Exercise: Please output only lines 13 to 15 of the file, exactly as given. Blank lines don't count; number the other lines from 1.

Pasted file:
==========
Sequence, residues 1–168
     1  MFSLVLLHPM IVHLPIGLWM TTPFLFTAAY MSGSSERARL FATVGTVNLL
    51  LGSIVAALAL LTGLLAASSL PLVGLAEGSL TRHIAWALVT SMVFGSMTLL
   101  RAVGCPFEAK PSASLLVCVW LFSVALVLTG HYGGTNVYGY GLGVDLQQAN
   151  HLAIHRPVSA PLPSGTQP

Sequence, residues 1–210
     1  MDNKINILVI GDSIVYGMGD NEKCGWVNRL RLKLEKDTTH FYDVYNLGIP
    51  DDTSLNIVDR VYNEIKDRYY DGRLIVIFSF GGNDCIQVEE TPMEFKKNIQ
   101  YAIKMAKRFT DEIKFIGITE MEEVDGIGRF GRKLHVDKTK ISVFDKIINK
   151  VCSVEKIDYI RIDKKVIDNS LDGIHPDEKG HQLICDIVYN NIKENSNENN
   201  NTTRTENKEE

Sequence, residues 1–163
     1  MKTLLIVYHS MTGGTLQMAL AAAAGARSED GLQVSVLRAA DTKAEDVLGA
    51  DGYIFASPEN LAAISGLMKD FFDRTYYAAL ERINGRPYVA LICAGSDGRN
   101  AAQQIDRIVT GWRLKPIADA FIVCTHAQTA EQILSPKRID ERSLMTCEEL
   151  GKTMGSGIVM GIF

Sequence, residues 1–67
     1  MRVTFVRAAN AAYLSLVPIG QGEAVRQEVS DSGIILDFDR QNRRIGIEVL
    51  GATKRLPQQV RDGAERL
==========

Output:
     1  MKTLLIVYHS MTGGTLQMAL AAAAGARSED GLQVSVLRAA DTKAEDVLGA
    51  DGYIFASPEN LAAISGLMKD FFDRTYYAAL ERINGRPYVA LICAGSDGRN
   101  AAQQIDRIVT GWRLKPIADA FIVCTHAQTA EQILSPKRID ERSLMTCEEL